US GHG emissions rose 0.9% year-on-year in 2014 to 6.87 billion tonnes of CO2e, as carbon output from energy and transport increased, according to data released by the Environmental Protection Agency (EPA).
“Relatively cool winter conditions led to an increase in fuels for the residential and commercial sectors for heating,” the EPA said.
“In 2014 there also was an increase in industrial production across multiple sectors resulting in slight increases in industrial sector emissions.”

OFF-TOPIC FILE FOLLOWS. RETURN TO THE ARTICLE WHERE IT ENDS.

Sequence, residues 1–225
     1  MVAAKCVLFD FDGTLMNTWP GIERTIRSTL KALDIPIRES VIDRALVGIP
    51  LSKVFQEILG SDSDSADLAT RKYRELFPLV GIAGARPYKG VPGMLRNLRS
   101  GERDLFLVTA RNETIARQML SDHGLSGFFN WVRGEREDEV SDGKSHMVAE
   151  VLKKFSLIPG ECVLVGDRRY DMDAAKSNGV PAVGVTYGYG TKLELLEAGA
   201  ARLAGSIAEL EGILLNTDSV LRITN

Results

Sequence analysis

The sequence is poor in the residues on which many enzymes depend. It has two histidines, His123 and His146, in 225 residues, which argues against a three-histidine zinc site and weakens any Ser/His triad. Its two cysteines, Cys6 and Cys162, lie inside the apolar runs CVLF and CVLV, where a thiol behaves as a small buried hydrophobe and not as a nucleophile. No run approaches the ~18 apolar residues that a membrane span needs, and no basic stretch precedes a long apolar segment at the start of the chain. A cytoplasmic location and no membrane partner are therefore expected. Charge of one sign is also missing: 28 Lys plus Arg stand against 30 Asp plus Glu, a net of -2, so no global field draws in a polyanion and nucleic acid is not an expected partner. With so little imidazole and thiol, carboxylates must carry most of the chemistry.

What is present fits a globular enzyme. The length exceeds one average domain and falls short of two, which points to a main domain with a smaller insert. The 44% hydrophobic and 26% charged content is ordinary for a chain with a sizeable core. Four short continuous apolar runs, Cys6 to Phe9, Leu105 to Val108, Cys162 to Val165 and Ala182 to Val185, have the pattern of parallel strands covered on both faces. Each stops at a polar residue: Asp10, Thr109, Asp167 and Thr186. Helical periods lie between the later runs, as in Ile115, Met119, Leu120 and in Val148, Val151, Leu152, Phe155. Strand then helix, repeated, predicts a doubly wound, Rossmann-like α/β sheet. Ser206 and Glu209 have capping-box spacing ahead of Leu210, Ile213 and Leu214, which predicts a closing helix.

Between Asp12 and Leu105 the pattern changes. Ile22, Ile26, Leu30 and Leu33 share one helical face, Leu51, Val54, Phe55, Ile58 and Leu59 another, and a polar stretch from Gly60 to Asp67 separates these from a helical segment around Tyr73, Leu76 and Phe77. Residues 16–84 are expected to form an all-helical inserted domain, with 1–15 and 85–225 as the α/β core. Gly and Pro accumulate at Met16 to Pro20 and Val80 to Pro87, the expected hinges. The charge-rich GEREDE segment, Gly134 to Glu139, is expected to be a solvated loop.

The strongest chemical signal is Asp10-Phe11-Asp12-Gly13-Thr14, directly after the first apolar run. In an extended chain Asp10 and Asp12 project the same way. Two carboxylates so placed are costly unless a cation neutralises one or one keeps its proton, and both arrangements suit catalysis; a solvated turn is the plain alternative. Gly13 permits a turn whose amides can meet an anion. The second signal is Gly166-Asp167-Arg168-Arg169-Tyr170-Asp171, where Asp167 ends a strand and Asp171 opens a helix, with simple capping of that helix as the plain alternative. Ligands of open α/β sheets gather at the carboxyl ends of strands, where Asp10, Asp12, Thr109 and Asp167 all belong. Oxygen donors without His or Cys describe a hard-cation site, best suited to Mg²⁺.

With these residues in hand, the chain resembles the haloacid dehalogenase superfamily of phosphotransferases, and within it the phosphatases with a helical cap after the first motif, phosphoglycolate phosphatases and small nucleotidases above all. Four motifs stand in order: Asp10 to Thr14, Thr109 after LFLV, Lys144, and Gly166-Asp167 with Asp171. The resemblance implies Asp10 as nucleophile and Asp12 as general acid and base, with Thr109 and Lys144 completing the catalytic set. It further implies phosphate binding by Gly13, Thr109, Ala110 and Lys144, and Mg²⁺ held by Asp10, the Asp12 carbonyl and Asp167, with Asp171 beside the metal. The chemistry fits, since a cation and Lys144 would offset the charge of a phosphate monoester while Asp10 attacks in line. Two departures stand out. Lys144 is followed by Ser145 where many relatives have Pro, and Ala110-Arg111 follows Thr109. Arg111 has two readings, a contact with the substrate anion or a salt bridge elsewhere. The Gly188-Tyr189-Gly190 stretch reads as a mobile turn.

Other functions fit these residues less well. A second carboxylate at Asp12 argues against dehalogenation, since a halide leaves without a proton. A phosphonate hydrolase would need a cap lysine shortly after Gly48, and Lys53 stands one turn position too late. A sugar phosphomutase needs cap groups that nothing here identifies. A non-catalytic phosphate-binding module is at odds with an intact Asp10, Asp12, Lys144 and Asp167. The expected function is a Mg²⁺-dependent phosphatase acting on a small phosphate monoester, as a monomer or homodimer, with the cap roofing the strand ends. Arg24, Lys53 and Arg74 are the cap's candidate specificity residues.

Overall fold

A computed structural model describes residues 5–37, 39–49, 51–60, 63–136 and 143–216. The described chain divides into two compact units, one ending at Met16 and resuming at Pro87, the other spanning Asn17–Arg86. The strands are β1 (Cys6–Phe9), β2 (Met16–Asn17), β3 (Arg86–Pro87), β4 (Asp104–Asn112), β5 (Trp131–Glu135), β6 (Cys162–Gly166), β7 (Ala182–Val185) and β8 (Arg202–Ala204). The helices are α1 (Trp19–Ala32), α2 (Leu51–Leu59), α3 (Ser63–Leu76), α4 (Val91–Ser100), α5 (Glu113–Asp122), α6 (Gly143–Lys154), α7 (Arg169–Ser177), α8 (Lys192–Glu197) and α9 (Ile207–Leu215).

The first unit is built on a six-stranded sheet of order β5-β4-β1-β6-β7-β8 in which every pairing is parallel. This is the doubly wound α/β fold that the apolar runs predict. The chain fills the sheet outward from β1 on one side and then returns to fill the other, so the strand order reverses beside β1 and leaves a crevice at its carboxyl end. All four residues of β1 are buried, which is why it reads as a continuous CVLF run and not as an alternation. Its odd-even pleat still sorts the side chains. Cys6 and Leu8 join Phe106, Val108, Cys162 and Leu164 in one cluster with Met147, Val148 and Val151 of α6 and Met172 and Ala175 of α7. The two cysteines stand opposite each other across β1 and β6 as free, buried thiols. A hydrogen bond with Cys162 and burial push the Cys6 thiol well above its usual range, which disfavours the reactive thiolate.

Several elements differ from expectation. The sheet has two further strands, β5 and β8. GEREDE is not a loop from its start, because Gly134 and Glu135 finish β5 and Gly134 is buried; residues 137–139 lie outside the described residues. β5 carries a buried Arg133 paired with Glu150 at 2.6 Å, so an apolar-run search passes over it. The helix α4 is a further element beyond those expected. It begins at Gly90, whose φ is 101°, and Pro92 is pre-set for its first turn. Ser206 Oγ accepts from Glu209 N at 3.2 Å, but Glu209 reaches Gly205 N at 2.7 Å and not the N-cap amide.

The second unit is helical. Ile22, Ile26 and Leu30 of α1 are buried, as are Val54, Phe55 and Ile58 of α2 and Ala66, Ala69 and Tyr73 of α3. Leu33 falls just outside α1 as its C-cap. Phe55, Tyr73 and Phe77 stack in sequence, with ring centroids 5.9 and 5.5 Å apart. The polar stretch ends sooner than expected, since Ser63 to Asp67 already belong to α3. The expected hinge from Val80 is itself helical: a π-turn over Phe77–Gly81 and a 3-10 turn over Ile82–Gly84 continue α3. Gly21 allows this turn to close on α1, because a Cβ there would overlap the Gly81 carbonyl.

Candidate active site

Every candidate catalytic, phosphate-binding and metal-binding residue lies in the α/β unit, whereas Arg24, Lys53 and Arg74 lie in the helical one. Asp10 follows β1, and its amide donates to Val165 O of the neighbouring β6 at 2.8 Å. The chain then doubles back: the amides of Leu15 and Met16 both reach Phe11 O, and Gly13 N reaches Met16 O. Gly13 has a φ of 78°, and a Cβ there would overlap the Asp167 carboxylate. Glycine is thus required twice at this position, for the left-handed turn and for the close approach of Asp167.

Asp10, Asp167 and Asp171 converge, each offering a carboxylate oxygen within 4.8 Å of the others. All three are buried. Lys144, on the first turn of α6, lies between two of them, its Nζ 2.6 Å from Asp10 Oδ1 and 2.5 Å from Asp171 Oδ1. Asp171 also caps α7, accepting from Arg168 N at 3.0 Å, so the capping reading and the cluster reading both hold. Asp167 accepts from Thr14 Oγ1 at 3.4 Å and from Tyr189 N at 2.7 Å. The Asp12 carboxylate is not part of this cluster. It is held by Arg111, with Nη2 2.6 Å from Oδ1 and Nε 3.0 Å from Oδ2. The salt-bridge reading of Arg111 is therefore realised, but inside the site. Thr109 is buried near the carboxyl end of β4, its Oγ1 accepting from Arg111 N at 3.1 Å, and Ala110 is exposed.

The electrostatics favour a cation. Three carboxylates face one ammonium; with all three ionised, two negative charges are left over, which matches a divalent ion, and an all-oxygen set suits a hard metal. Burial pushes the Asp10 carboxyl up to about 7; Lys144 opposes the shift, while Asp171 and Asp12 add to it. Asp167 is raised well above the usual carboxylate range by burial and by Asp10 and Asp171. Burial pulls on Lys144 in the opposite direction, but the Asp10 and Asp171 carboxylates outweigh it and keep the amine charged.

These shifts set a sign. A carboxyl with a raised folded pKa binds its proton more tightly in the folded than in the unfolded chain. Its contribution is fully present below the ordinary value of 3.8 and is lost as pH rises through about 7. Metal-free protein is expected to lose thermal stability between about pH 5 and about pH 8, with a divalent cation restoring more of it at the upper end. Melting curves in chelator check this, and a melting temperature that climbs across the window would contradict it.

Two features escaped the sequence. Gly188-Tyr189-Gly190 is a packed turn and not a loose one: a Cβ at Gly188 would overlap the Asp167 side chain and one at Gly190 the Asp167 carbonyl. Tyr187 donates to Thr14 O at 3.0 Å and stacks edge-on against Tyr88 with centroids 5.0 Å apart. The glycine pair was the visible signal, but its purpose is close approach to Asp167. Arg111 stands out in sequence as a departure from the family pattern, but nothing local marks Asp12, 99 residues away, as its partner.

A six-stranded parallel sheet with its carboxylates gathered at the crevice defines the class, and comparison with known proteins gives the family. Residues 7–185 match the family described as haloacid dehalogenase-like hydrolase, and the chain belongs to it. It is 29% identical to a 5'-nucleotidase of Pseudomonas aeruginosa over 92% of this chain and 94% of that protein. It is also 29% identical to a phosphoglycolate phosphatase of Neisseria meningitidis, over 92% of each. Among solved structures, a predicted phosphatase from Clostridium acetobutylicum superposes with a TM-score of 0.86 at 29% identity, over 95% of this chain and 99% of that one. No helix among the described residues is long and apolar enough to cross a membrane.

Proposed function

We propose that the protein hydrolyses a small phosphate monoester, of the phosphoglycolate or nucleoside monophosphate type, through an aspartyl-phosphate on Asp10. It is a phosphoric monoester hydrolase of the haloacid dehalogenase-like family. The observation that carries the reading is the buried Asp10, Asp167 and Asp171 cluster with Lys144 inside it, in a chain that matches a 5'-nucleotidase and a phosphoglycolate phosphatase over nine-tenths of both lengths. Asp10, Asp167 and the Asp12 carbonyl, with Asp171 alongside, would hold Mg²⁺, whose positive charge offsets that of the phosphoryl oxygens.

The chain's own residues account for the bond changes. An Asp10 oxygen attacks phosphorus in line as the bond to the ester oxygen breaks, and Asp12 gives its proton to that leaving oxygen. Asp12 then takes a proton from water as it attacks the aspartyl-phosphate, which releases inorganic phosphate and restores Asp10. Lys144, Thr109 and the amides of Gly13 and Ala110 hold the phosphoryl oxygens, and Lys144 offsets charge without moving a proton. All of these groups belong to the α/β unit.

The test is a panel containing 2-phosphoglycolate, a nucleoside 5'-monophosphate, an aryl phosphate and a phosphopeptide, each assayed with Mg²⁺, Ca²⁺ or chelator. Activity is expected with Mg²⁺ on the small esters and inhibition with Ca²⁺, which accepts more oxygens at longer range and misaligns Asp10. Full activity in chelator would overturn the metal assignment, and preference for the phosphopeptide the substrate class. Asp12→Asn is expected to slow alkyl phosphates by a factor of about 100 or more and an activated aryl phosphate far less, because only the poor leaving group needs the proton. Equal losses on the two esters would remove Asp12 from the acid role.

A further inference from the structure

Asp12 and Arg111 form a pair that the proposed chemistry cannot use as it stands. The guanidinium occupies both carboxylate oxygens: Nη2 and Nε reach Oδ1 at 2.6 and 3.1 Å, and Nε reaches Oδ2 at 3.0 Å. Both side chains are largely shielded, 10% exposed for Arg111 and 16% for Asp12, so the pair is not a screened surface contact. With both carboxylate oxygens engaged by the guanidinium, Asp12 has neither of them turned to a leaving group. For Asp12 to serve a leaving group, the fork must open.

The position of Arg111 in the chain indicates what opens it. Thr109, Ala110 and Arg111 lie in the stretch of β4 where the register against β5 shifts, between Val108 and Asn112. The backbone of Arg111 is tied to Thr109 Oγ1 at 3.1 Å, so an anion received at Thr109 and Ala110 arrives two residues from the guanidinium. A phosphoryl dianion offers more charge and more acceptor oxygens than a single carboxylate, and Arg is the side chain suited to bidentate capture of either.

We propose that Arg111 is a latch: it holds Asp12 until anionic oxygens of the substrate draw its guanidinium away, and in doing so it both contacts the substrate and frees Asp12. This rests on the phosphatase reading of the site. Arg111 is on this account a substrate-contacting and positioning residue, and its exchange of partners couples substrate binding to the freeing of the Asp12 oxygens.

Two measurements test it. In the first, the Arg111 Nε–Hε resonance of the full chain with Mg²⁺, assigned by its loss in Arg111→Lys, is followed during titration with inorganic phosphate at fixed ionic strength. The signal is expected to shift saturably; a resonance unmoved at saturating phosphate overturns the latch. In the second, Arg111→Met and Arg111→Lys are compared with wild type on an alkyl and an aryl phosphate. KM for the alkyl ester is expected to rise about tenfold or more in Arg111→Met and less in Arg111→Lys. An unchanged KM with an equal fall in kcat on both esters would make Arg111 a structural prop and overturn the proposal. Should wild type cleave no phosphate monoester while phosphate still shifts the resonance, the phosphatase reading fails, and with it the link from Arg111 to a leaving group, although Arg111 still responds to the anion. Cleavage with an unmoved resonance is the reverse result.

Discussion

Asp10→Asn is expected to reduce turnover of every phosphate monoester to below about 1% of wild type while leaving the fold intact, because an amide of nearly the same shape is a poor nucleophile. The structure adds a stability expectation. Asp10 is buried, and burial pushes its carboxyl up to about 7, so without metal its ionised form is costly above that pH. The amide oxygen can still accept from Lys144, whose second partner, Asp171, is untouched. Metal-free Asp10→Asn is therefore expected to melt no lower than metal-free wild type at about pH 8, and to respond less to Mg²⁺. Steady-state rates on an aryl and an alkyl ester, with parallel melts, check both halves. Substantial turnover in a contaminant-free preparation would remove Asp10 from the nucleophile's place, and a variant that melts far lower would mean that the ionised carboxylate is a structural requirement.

The agency also said an increase in road transport sparked a hike in GHG emissions from that sector.
The increase was smaller than the 2.2% hike seen in 2013, and US emissions remain 7.5% lower than in 2005. Under the Paris Agreement the US has pledged to cut its emissions 26-28% below 2005 levels by 2025.
But compared to 1990 levels, US GHG emissions are up 7.7%, recording an average annual growth of 0.3% over the past 24 years.
By Stian Reklev – firstname.lastname@example.org